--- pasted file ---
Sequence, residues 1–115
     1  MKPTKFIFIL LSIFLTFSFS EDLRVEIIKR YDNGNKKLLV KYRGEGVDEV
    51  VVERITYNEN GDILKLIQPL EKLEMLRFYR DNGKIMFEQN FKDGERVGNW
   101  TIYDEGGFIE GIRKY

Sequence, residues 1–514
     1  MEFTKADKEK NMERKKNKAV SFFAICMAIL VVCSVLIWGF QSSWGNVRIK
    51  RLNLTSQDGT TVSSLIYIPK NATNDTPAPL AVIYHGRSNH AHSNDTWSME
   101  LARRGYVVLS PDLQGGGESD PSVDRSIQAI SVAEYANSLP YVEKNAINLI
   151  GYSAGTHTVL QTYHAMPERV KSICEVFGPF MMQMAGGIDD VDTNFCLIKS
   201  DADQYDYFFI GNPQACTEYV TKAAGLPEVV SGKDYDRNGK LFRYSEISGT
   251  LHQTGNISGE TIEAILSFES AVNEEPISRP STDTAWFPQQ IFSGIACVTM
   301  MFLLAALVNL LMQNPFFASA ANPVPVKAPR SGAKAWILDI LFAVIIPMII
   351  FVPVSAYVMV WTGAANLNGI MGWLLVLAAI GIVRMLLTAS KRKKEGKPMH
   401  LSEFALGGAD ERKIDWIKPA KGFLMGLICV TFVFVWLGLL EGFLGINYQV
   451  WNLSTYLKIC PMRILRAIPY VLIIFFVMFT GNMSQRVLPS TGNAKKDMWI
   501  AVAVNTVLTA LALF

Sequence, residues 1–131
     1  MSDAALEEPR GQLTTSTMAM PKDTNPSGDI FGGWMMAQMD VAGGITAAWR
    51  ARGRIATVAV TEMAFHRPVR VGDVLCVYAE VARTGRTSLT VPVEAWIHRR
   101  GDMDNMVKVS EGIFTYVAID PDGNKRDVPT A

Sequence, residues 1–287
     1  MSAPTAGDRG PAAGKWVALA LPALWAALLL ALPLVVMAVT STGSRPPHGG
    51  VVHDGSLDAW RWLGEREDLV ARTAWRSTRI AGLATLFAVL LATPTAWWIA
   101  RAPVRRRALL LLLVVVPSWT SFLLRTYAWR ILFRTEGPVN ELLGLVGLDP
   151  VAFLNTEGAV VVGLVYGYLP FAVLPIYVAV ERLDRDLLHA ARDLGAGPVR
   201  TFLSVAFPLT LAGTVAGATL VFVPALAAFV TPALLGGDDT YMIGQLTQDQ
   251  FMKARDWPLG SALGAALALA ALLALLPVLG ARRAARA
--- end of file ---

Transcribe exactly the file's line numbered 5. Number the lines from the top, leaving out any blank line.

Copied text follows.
Sequence, residues 1–514